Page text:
Can a coin flip turn up heads hundreds, even thousands of times in a row?
Unlikely, yes. But probable? Of course.
The beginning action of Tom Stoppard’s “Rosencrantz and Guildenstern Are Dead” offers something that William Shakespeare’s “Hamlet,” where we first meet the two schoolfellows of the melancholy Dane, does not.
Rosencrantz and Guildenstern are bit characters in the original tragedy, fellows who follow the orders of King Claudius to the letter. They are interchangeable, neither having a distinct or unique voice. They are pawns, used for backstabbing Hamlet by the King, and used for Hamlet to exact his revenge for their disloyalty.
But in Stoppard’s play, written in the mid 1960’s, they are different. Very different. As evidenced by the coin flipping. While Rosencrantz finds himself on the winning side of the flipping, overjoyed by a near full bag of coins, Guildenstern finds more alarm and concern. Is he losing because he has a self-defeating prophecy? Is there something at work in the clouds?
Shady Shakespeare Theatre Company’s newest production is a watershed moment for its members. With their opening of Stoppard’s play, running from April 9th to the 24th at Theatre on San Pedro Square in Downtown San Jose, this marks the first non-Shakespeare production in the company’s 12-year history. Shady Shakespeare has a firm establishment on the South Bay’s Bard productions, performing two free shows in repertory every summer in Sanborn Park just outside of Saratoga.
Rosencrantz (Crawford) and Guildenstern (Schott) do lots of interesting things to
pass the time. Photo by Brent Fafeita
To know about this company is to know Dinna Myers. She is the managing director, one of the company’s founders, and the show’s director. Tackling a piece written by Stoppard, one of the most important playwrights in theatre history as well as one of the greatest writers of plays about Shakespeare’s characters, is quite the challenge for the company’s first play outside of the canon.
“Stoppard has very English sensibilities. There are certain things about British comedy that are not instinctive to American actors,” said Myers. “The primary challenge is that it is an existentialist play. It has to be presented as funny and engaging; the audience can’t just sit there and be smacked around with a message.”
The play takes place where Hamlet does not. While Hamlet is feigning his madness to come up with a plan to kill his uncle, moving through the castle like a wild boar, Rosencrantz and Guildenstern sit idly out of the view of Hamlet’s characters, passing time with competitions, playing the game of questions, or impersonating others. Rosencrantz and Guildenstern continue to tackle the existentialism in their world, trying to find their identity and purpose in a vast universe.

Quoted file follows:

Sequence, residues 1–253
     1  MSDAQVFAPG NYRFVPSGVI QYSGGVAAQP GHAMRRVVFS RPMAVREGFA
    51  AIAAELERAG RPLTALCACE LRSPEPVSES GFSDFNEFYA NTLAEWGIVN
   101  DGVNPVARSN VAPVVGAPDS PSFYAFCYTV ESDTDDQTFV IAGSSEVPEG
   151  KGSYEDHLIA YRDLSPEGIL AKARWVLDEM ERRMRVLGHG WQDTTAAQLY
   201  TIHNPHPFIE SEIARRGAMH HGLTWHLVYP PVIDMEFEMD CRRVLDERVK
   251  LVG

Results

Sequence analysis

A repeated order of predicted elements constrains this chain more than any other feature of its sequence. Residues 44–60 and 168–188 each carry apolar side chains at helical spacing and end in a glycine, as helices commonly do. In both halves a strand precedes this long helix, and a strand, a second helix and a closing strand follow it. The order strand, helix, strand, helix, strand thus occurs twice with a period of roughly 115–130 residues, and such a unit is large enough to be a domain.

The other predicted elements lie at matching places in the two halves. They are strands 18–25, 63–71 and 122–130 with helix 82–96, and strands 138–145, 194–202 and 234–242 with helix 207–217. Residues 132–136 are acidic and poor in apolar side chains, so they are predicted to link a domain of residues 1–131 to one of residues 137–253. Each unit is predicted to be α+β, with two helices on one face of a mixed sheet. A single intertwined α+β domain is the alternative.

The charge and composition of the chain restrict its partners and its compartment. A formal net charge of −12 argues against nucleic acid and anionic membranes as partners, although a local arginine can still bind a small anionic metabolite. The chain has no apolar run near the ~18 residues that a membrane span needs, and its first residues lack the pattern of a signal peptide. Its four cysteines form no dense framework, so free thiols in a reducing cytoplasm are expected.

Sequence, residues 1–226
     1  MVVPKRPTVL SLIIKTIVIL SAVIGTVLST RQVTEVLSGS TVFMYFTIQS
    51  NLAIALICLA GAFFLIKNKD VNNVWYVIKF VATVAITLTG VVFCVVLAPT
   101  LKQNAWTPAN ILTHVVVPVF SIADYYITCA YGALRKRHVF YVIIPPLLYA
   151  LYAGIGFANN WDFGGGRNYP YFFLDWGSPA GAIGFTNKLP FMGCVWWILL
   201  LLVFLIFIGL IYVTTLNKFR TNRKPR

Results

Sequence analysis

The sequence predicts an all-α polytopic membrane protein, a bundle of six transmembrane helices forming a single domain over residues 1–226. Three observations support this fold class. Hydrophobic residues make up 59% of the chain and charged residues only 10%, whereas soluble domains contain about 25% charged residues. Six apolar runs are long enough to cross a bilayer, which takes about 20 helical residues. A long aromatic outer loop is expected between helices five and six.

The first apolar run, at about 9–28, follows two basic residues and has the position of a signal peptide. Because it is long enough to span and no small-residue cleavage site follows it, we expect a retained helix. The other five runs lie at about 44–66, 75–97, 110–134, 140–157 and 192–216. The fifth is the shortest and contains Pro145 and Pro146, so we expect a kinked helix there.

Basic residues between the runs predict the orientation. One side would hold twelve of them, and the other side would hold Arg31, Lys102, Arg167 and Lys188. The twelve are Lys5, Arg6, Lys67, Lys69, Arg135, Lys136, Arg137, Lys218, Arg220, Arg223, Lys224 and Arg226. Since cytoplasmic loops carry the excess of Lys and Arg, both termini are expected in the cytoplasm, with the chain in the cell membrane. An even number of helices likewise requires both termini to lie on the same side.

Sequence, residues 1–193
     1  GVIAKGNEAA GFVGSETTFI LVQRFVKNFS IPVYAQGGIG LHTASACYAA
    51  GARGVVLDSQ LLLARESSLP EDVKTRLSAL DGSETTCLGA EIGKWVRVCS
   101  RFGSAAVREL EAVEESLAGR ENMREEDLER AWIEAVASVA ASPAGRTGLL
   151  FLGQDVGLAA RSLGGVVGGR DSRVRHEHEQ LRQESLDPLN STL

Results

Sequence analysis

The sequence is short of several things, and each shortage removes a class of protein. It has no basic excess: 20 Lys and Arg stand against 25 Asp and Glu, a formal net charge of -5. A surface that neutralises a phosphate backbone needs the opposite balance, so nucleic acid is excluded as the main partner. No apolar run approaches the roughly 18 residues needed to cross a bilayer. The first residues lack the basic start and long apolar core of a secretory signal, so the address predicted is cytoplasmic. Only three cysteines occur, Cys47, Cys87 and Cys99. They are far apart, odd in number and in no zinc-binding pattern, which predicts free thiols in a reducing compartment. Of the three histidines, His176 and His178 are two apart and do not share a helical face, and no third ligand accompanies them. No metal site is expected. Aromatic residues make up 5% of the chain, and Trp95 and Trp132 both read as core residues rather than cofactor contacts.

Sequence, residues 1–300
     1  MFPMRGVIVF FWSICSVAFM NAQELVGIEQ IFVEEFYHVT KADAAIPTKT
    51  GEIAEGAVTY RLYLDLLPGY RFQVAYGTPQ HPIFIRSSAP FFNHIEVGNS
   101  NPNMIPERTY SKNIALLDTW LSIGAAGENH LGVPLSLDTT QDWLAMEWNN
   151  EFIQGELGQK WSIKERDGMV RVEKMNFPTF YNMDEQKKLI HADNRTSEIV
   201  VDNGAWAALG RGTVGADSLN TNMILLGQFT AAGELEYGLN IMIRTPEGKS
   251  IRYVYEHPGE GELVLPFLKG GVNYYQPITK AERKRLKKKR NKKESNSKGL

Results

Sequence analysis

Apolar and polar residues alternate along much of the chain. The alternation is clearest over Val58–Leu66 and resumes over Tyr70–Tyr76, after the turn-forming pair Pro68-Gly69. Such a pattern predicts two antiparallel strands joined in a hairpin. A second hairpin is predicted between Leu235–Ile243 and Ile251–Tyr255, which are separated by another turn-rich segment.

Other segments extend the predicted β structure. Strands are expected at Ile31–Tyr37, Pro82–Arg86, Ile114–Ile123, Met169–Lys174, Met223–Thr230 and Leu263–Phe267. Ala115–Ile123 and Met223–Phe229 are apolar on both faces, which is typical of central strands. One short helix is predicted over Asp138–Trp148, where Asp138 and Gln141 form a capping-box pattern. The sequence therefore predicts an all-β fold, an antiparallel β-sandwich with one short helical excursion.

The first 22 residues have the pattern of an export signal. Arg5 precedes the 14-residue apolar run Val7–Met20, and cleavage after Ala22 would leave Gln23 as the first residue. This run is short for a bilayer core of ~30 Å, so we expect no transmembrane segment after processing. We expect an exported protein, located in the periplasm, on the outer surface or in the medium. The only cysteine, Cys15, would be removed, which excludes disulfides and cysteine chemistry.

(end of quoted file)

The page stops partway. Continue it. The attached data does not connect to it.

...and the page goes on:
Myers admits that there is not a lot to learn about Rosencrantz and Guildenstern from reading the play “Hamlet.” But there is something that stands out.
“What is particularly telling is that there’s a reason Claudius sends for them – he knows they have no moral character,” said Myers. “Horatio is true to Hamlet, and the King knows that Rosencrantz and Guildenstern are worms.”
Because of the dialogue that purposely does not always flow, a dialogue that’s full of circular logic and non-sequiturs, the degree of difficulty for the actors is somewhere between a 10 and infinity.
Rosencrantz (Crawford) stands and rails while Guildenstern
(Schott) sits and ponders. Photo by Brent Fafeita
Spencer Crawford, playing Rosencrantz, said that getting the timing right has been the most difficult aspect of developing the character. “The play is so much about the delivery of lines and timing,” said Crawford. “It has been a lot of practice coordinating the physicality and timing. All of that put together makes it such a challenging show to pull off.”
Mikey Schott makes up the second half of the tandem. While Rosencrantz has been described by Myers as the jock, she also notes that Guildenstern is the quirky intellectual. “If they were in high school together, they would have never been friends,” said Myers.
Schott has enjoyed the challenges that come with Guildenstern. Guildenstern tends to offer his frustration at the situations that the characters find themselves in, and Schott has appreciated his honest approach to the world. “Guildenstern is the most real character that there is, very wry with a dry sense of humor and he likes to hear himself speak,” said Schott. “He lives in a world that is abstract and does not do very well with that, but that’s the world he is thrown into.”
Hamlet has long been one of the most maddening characters in Shakespeare. With more than 1500 lines, the most by any character in a single play, there is plenty to analyze. Hundreds of thousands of productions, from the traditional to the anachronistic, have been mounted throughout the world. In Stoppard’s work, there is no end to the fun and folly that he has at the expense of the young prince. Myers has worked hard to see to it that Shady’s production features all of the fun stuff.
“This play will appeal to people in the theatre profession,” said Myers. “It’s an allegory, full of jokes for us and exceptionally funny for people who are in our industry.”
EXAMINE IT FOR YOURSELF
The Shady Shakespeare Theatre Company presents “Rosencrantz and Guildenstern are Dead”
Written by Tom Stoppard
Directed by Dinna Myers
Fridays – Sundays, April 9th to 24th
All performances are held at Theatre on San Pedro Square, 29 North San Pedro Street, San Jose
Tickets range from $20 to $25
For contact information or to purchase tickets, contact Shady Shakespeare’s official website here
Email David John Chavez at [email protected]
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